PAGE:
Published on July 23, 2011
Noah Bender touches up a watercolour painting he’s been working on at the Harbourside Studio. — Photo by Andrew Robinson/The Telegram
Published on July 23, 2011
Leslie Wagner believes in herself more thanks to taking part in the Community Youth Arts Program offered through the Murphy Centre. — Photo by Andrew Robinson/The Telegram
Barriers to employment banished with brushstrokes
Leslie Wagner of St. John’s was in a tight spot prior to getting involved with the Community Youth Arts Program.
After coming out of an abusive relationship lasting three years, she moved downtown with few belongings.
Not having a job, she relied on employment insurance. Prospects were limited for Wagner, who did not complete high school due, in part, to what she calls “family issues.”
She felt alone and frustrated about her future options.
“It’s hard to get ahead when you don’t have a boost, something to inspire you, or someone to say you can do better. It is actually the program itself that made me believe that I could go further in life.”
A career services program offered through the Murphy Centre and funded by Human Resources and Skills Development Canada —the Community Youth Arts Program — offers participants a chance to hone their artistic and career skills through 34 weeks of paid work.
They create individual art pieces, but the participants do a whole lot more than that.
They also take part in workshops with visual artists specializing in a variety of media, engage in community-oriented projects as a group, and work on improving their general life skills.
Based out of the Harbourside Studio in St. John’s, the program is geared towards youth ages 18-30 who face barriers to employment.
“That can mean a lot of different things,” said program co-ordinator Candace Fulford.
“Some people are coming into this with a few years of university under their belt, probably almost a full degree, and some people were unable to finish high school for a variety of reasons.”
Founded in 1999, the program was viewed by the Murphy Centre as a way to develop job and life skills for people interested in the cultural sector. The centre, a charitable group, offers academic, career and lifestyle opportunities to 530 participants each year.
The Community Youth Arts Program accepts 12 participants working 30 hours each week.
Fulford, a graduate of Sir Wilfred Grenfell College’s visual arts program, said it attracts creative individuals who may be interested in any number of artistic disciplines — including musicians, writers, dancers and other performers.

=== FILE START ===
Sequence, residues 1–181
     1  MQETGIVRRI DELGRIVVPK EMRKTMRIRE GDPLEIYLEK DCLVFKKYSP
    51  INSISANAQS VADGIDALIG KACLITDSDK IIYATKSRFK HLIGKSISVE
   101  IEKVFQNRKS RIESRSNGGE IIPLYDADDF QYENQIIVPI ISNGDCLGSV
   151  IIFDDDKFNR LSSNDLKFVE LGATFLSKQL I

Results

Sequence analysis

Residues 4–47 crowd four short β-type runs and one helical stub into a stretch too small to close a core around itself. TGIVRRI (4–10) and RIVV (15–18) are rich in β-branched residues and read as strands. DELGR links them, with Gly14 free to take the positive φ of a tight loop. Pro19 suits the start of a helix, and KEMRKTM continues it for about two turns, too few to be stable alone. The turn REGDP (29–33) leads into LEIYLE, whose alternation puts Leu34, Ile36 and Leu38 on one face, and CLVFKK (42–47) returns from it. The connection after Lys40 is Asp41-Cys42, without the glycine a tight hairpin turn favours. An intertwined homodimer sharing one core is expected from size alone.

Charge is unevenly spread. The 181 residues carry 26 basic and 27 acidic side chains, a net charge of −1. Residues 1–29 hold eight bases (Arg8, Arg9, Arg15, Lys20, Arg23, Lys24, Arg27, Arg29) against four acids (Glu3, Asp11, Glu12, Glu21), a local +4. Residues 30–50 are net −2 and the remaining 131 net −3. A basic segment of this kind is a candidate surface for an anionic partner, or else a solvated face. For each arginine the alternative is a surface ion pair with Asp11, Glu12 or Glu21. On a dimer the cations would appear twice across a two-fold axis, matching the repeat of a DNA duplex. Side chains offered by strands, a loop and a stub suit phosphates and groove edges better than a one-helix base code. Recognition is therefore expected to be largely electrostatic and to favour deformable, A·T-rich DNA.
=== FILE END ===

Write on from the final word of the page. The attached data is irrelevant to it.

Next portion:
“For the Murphy Centre, it’s the only program they have that offers something in that creative avenue,” she said, adding there are few programs like it nationally with federal funding.
Like Leslie Wagner, RN Wagner (who was engaged to Leslie prior to being accepted to the program) has not graduated from high school.
Born in St. John’s, he moved to Ontario at the age of nine. His father died of colon cancer when RN was a young boy, and his mother suffered a fatal brain aneurysm while he was attending high school.
A teenage golf prodigy who performed well on a national level, RN was also working to help make ends meet. Following his mother’s death, he spent some time living with his stepfather, but left a short while later. An on/off recipient of social assistance since the age of 16, RN has spent time in shelters and worked a variety of jobs.
“My entire life, I always felt like I was on my own,” he said.
Since returning to Newfoundland four years ago, he has performed music and poetry locally and developed an interest in filmmaking. He was accepted to the program this year on his third attempt.
Now, the 25-year-old is learning how to work in group settings.
“It’s tough for me to work in a group dynamic when I’m always used to doing stuff on my own,” he said.
Leslie Wagner painted prior to being accepted into the program and performed music at clubs.
Aside from revelling in the opportunity to make use of quality art supplies, she loves the atmosphere of the program.
“I get excited about going to work instead of dreading it,” she said.
More importantly, perhaps, she feels better about herself, eats better, and is making positive life changes.
RN Wagner has a lot of ideas swimming around his head — from starting up an all-age performance venue to filming documentaries — that speak to his passion for the arts.
“I really enjoy doing stuff in the arts and culture industry, because it brings people together and encourages them to work together.”
According to Fulford, engaging with the broader arts community is an essential element of the program. This year, the group is working with Eastern Edge’s 24 Hour Art Marathon and the Victoria Park Lantern Festival.
Past participants have subsequently obtained full-time employment, furthered their education, and become active members of the local artistic community.
“For some of them, it was just the right thing at the right time to push them forward, because they were already probably doing a lot of the right things in the beginning,” said Fulford.
In February, the participants get to share their creations with the public through a group show.
From there, they can choose their own future paths.
Leslie Wagner plans on applying for grants and sending applications to schools.
“It’s a pretty amazing opportunity,” she said.
“No matter what you go through, you can always do better and have something to look forward to.”